General Motors ( GM ) announced Friday that it plans to put a truly self-driving car - with no steering wheels, pedals and manual controls, or even the usual backup driver in the front seat - on the road in 2019.
[ibd-display-video id=2848573 width=50 float=left autostart=true] GM filed a petition with the government to allow testing of its fourth-generation Cruise, built on the Chevrolet Bolt platform, which it described as "first production-ready vehicle built from the start to operate safely on its own." The Detroit automaker has been testing self-driving Bolts in various urban locations, but has had backup or safety drivers in the front seat.
Friday's announcement is a signal that GM is ready for the next logical step as it gears up to launch a robotaxi business in big cities next year - mass production and testing of fully self-driving cars that do away with a human driver of any sort.
The move also comes as GM seeks first-mover advantage in an increasingly crowded field. Ford Motor ( F ) is preparing to test a new business model , using self-driving cars for ride-sharing, in an unnamed city this quarter. Alphabet's ( GOOGL ) Waymo self-driving unit intends to launch a ride-sharing service using driverless Fiat Chrysler ( FCAU ) Pacifica minivans outside of Phoenix. And Tesla ( TSLA ) CEO Elon Musk has said full autonomy will be an option in the company's Autopilot feature by about 2019.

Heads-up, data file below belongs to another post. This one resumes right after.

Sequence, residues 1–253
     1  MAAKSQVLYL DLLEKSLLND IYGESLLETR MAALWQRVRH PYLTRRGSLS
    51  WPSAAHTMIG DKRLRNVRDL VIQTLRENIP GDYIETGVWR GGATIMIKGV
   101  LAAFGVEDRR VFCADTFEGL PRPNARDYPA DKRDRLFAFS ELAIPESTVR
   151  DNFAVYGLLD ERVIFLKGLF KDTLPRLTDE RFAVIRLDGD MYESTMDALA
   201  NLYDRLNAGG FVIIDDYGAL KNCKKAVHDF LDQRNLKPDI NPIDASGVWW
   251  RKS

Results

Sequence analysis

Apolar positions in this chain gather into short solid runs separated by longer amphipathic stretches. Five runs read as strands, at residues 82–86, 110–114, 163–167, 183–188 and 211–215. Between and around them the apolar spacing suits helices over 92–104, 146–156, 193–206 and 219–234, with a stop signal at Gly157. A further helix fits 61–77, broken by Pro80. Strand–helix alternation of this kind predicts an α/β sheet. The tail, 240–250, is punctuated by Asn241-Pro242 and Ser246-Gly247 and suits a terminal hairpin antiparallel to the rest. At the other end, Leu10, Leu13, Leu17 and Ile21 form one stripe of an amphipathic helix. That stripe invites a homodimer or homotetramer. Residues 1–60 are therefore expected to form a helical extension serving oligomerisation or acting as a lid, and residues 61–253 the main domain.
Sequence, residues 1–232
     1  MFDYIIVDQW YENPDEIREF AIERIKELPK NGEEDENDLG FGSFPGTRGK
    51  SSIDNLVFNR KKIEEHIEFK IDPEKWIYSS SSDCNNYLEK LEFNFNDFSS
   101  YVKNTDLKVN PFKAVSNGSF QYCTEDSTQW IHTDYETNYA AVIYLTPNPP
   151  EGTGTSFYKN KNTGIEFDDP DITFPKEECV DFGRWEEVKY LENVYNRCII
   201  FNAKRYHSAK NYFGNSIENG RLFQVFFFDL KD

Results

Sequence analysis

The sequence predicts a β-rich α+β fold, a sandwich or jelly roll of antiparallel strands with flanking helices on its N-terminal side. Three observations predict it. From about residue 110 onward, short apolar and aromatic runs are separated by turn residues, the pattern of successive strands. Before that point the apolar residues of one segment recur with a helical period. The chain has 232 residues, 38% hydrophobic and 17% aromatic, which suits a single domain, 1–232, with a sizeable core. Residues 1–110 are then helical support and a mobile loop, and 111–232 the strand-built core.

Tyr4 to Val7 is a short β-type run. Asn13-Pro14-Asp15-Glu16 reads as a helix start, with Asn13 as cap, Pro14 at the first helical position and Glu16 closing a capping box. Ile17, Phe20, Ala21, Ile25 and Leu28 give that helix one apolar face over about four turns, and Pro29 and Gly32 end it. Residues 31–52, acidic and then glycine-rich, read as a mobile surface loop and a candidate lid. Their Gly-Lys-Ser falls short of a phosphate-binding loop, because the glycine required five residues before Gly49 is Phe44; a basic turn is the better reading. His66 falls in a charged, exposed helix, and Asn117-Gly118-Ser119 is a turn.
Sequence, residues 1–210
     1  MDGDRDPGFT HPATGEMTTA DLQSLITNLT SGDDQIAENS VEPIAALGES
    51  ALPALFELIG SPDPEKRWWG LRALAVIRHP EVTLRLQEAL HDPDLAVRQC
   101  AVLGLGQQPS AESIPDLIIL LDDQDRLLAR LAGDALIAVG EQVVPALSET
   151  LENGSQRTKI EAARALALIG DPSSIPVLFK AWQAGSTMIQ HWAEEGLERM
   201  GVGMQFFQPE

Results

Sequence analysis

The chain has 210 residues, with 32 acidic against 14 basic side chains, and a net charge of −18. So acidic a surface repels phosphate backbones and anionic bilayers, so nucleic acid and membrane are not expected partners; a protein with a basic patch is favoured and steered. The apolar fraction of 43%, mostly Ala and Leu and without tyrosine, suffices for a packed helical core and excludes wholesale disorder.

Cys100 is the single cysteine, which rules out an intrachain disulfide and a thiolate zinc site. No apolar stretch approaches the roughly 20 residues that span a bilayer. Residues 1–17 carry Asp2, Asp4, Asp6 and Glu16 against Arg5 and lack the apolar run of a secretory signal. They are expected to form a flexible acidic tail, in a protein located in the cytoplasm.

Shares of GM dipped 0.3% to 44.07 on the stock market today , continuing to consolidate since late October. Ford rose 0.5%, Alphabet climbed 1.7%, Fiat Chrysler eased 0.1%, and Tesla lost 0.5%.
IBD'S TAKE: As the use of electric and self-driving cars grows, these chipmakers may benefit most from the growth of semiconductor content in automotive electronics.
GM is seeking federal approval to adjust 16 motor vehicle standards so it can test cars that have no steering wheel, pedals and other driver controls, CNBC said.
While Alphabet's Waymo hasn't made a similar request, it revealed in November that it is testing fully self-driving cars, with no human driver behind the wheel, in Arizona.
GM sees self-driving fleets of vehicles as a high-growth opportunity, and new paths for revenue are especially key to automakers as car sales have started to slow down in the U.S. after several years of increases.
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